Imatinib plus steroids induces complete remissions and prolonged survival in elderly Philadelphia chromosome–positive patients with acute lymphoblastic leukemia without additional chemotherapy: results of the Gruppo Italiano Malattie Ematologiche dell'Adulto (GIMEMA) LAL0201-B protocol

Marco Vignetti, Paola Fazi, Giuseppe Cimino, Giovanni Martinelli, Francesco Di Raimondo, Felicetto Ferrara, Giovanna Meloni, Achille Ambrosetti, Giovanni Quarta, Livio Pagano, Giovanna Rege-Cambrin, Loredana Elia, Raffaello Bertieri, Luciana Annino, Robin Foà, Michele Baccarani and Franco Mandelli


Thirty elderly (> 60 years) Philadelphia chromosome–positive (Ph+) patients with acute lymphoblastic leukemia (ALL) received imatinib, 800 mg daily, associated to steroids without further chemotherapy as frontline treatment. Median age was 69 years (range, 61-83 years). Twenty-nine patients were evaluable for response and all of them obtained a hematologic complete remission, with a median BCR-ABL reduction of 2.9 and 2.0 logs in p190+ and p210+ cases, respectively. Most of the induction treatment did not require admission of the patients. No major toxicities occurred and the treatment was well tolerated. Median survival from diagnosis was 20 months. This study shows that elderly Ph+ patients with ALL—often considered eligible only for palliative treatment strategies—may benefit from an imatinib-steroids protocol, which does not require chemotherapy nor a long hospitalization, is feasible, highly active, and associated with a good quality of life.


Philadelphia chromosome–positive (Ph+) acute lymphoblastic leukemia (ALL) occurs in 25% to 30% of adults and in approximately 4% of children with ALL,16 and is associated with a very poor prognosis. The reported incidence in the elderly (> 60 years) seems even higher,7 with more unfavorable results and a median survival of less than one year.8,9

In the last few years, studies aimed at testing the activity of different associations of imatinib and chemotherapy as frontline treatment for Ph+ patients with ALL have been carried out, both for younger adults1013 and for elderly patients.1416

The question of whether a chemotherapy-free treatment, based only on imatinib plus steroids, could effectively control the disease by inducing durable hematologic and/or molecular responses, is still open. This report summarizes our results on a total of 30 elderly Ph+ patients with ALL who received imatinib plus steroids in induction and imatinib in consolidation until relapse or death.

Patients, materials, and methods


Patients were treated according to the Gruppo Italiano Malattie Ematologiche dell'Adulto (GIMEMA) LAL0201-B protocol, which had been approved by the internal review board and by the ethics committee of the trial coordinating center, as well as by the local ethics committee of each participating institution. Patients with a diagnosis of ALL who were older than 60 years of age were eligible for this study if they carried either the Ph chromosome or the BCR-ABL molecular translocation. Written informed consent was obtained from each patient in accordance with the Declaration of Helsinki.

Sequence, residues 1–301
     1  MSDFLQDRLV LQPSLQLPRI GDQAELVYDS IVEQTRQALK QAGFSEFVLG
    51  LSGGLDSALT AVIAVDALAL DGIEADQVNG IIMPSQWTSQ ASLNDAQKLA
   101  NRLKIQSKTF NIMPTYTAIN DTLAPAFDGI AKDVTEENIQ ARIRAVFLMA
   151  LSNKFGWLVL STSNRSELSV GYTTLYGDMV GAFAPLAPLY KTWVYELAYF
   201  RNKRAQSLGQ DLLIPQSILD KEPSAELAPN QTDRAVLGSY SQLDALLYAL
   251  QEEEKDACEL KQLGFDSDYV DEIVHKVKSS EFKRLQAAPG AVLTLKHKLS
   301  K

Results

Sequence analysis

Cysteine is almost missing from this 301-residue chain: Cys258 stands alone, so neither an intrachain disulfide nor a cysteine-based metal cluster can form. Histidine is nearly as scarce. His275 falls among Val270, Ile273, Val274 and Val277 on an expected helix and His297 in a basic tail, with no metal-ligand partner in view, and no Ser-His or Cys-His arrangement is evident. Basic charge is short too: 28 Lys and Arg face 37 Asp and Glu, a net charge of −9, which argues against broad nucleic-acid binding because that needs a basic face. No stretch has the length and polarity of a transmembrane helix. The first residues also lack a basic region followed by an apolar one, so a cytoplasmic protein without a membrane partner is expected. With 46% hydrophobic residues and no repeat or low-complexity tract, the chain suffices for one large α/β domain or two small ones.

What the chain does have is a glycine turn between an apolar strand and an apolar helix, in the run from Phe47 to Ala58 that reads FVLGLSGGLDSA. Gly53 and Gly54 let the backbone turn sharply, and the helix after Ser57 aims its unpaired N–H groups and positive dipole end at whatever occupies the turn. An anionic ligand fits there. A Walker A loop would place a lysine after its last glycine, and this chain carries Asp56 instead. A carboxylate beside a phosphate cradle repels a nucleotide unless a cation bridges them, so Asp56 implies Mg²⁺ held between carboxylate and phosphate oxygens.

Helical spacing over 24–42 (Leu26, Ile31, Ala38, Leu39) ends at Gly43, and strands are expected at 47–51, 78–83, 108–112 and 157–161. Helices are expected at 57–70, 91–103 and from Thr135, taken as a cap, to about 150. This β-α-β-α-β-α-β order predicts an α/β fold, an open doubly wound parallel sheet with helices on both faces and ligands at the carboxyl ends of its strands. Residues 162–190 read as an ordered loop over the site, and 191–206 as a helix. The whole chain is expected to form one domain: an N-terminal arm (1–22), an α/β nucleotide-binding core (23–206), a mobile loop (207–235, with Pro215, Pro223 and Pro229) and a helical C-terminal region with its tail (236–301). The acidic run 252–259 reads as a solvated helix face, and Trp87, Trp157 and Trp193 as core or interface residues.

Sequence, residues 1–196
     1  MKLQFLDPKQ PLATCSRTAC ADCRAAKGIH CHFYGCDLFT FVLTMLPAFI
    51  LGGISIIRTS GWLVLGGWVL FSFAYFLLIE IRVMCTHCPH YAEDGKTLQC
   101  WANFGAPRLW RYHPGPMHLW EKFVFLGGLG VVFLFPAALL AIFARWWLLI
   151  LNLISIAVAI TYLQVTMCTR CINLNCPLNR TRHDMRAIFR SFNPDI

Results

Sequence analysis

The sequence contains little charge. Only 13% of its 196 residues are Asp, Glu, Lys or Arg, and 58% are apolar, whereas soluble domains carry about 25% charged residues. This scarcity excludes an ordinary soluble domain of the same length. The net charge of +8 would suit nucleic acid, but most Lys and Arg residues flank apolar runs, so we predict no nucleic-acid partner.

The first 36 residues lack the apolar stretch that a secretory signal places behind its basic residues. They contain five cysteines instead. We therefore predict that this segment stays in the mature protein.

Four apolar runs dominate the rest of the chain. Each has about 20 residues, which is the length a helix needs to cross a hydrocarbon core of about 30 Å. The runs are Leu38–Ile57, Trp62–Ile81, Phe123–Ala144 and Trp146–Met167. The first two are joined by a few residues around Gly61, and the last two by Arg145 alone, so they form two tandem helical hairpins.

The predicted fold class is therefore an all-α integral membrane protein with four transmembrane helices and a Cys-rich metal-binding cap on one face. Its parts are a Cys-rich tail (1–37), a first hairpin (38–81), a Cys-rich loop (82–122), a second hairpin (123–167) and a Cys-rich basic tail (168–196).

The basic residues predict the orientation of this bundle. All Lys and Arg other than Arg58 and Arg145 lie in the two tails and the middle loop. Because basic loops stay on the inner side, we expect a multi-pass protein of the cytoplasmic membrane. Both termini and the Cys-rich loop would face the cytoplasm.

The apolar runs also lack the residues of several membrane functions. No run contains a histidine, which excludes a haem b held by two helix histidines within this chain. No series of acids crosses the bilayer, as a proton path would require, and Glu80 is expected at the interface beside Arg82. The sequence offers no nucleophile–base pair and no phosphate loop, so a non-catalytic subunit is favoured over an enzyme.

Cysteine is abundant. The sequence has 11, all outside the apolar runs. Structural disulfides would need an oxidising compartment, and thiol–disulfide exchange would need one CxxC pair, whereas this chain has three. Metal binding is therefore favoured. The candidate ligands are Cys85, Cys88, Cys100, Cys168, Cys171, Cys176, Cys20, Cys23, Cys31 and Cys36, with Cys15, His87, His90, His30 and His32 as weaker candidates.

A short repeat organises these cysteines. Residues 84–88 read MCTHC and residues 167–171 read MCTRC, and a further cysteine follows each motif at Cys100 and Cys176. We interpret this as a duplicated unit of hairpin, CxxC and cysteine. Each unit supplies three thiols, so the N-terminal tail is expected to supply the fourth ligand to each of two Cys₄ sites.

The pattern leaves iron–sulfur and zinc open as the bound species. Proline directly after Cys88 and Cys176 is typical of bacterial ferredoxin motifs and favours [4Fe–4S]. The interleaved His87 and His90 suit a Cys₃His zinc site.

BCR-ABL diagnosis and monitoring

All molecular examinations at diagnosis and during the follow-up were performed in the same reference GIMEMA laboratory.17 Total RNA was extracted from bone marrow (BM) cells. cDNA synthesis and reverse transcriptase–polymerase chain reaction (RT-PCR) specific for the BCR-ABL transcripts encoding either the p190Bcr-Abl or the p210Bcr-Abl proteins were performed using the standardized BIOMED-1 protocol.18 Quantitative real-time PCR (Q-RT-PCR) analysis of minimal residual disease was carried out using the methods standardized within a Europe Union concerted action program.19 ABL was used as the control gene and the BCR-ABL values were expressed as a percentage of the ABL transcript levels of ABL.

Study design and therapy

Patients were assigned to receive a 7-day steroid pretreatment (prednisone, at increasing doses from 10 to 40 mg/m2 per day) followed by induction treatment with imatinib at the fixed dose of 800 mg/d, associated to steroids (prednisone by mouth at the dose of 40 mg/m2 per day) from day 1 to day 45. Response evaluation was carried out at day 45. Assessments of BM aspirates, including molecular biology evaluation, were planned after the response evaluation, at the second, fourth, and sixth month from complete remission (CR), and/or at the time of possible relapse.

Dose reduction or discontinuation of imatinib were planned only in case of nonhematologic toxicity. Definitive discontinuation was planned only in case of grade 3 or 4 toxicity occurring more than once. Imatinib was continued in all responding patients until occurrence of disease relapse or excessive toxicity.

Assessment of toxicity and response criteria

Adverse events were graded according to the Common Toxicity Criteria Grading System of the National Cancer Institute (NCI-CTC), version 2.0, April 1999.20 Assessments were carried out and recorded during visits scheduled according to the protocol and/or when unforeseen events occurred.

Complete hematologic remission (CHR) was defined as the disappearance of blast cells from the peripheral blood (PB) and the reduction of BM blasts to fewer than 5%, and a normalization of the PB count. Complete molecular remission (CMR) was defined as the absence of the specific BCR-ABL amplification band detected at diagnosis by qualitative nested RT-PCR and by quantitative RT-PCR negativity (BCR-ABL/ABL copies ratio equal to zero).

Hematologic relapse was defined as the reappearance of the disease with more than 5% blasts in the BM or the reappearance of blasts in the PB or in any other extrahematologic district.

Statistical methods